Anakin's research on Jango Fett leads him to the one deciding question--why would this man, who has every reason to despise the Jedi, and on a matter of honor, ever help them, no matter the credits involved? Once again, he has come very close to what I suspect is the very ugly truth. I shall have to wait and see what he learns from Obi-Wan. But oh yes: he should have a bad feeling about those chips.

    I have only seen two episodes of The Clone Wars, so I can't say that I know Ahsoka or Rex well, but I know who they are. I'm not familiar enough with Legends, and know naught of The New Canon, so I couldn't remotely say which bits are from which (and I definitely did not know that any of the clones had their chips removed--is that part of the AU, or did it actually happen?), but they all make sense enough in the context of the story that it doesn't matter.

    And to return to the AU aspect of the story: in his dream--if it is a dream--Anakin has another dream, of his life as Darth Vader. (I gather that is a reference to events in Rogue One). Once again, I'll have to wait and see how this plays out to see if that matters. There is one other thing I thought of--and it may not even be relevant: I already mentioned that the fact that Anakin knows Padmé is expecting twins is the one thing that gave me pause as to when the AU, or the dream, begins. But then I remembered that in the original trilogy Vader only discovered that he had a son. He wouldn't know of Luke's twin sister (who he never mentions by name) until shortly before his death.

    (And I will note in their naming conversation--and I believe there was a scene on this matter that was cut from ROTS--they don't come up with a name for the female twin. Perhaps that matters, perhaps not.)

    I can't say that I really have any guesses on most of the above. While I am looking forward to seeing Padmé and Anakin "come clean" and finally start being open about their relationship (and you indicated that they will)--for the rest, I'm content to just wait and read and find out.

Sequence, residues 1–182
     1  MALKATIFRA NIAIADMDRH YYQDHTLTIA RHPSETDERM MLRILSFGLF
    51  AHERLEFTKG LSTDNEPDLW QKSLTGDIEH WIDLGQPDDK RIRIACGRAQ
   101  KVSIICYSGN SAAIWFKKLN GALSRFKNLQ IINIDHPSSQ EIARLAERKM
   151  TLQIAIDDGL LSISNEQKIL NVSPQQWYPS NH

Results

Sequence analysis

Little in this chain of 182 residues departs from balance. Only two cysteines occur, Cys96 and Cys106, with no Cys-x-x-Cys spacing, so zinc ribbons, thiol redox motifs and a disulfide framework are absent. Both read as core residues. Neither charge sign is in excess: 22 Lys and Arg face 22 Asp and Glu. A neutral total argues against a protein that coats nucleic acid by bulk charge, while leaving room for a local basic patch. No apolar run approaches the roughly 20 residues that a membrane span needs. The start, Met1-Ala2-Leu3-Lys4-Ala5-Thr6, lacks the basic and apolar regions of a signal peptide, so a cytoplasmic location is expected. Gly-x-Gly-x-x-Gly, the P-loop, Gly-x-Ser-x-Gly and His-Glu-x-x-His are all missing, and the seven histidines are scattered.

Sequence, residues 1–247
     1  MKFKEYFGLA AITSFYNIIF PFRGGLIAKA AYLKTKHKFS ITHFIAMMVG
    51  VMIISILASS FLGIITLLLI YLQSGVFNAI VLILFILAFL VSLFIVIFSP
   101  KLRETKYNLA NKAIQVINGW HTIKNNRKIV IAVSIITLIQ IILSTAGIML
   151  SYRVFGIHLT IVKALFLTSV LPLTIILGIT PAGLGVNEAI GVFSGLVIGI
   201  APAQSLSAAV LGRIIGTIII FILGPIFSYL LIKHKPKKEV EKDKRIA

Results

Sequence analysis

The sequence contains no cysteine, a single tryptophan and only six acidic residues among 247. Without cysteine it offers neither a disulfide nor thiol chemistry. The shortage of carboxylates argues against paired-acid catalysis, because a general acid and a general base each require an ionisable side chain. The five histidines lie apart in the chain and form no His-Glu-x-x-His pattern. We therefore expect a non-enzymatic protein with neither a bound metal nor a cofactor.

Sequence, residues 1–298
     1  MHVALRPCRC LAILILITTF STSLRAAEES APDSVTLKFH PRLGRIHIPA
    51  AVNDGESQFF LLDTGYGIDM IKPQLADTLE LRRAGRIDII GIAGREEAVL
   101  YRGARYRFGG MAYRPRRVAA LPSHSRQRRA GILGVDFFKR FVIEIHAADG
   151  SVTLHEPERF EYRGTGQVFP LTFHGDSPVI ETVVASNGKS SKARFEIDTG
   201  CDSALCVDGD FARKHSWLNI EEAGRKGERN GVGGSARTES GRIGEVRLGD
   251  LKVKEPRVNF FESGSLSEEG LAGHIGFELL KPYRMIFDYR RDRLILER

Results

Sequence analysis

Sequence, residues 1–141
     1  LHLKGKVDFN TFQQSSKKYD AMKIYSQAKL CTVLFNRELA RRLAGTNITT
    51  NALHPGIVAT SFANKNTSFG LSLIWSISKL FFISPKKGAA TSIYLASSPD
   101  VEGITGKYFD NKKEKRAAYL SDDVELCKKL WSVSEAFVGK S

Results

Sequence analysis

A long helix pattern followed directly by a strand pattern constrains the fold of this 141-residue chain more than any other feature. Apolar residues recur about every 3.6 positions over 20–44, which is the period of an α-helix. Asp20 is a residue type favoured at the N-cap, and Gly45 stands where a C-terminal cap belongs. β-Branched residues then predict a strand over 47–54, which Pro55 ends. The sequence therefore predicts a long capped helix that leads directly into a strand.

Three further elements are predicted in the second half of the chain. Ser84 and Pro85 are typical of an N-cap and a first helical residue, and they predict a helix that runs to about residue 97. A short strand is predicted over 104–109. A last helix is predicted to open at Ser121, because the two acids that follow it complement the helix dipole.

20. Mira_Jade

    Mira_Jade The Fanfic Manager With The Cape star 5 Staff Member Manager

    Registered:
    Jun 29, 2004
    Wow, thanks so much for the awesome feedback, everyone! You guys are fantastic. [:D]


    Not much longer at all. [face_love] Thanks for reading!


    The dynamic of Anakin and Ahsoka and the 501st just killed me dead in TCW, so it was really interesting to further explore their bond at this point in time - especially where Ahsoka is concerned. She may have been a Jedi, but that doesn't erase the fact that she was a child soldier who lived through and saw quite a bit - and then she went off to survive on her own in a war-torn galaxy at only sixteen, just like you said. I adore her character, and her role in Anakin's fall was one that I was all sorts of impressed with the writers for orchestrating. I couldn't not include her here. [face_love] (And I just may need to do a companion piece to this story with her - this 'verse is growing in my mind, and now I want to type it out. 8-}[face_hypnotized])

    I just heard Hamilton in my head, which was the best. :p Honestly, these hero folks need to remember how to sit back and breathe sometimes. They're only human, too. [face_love]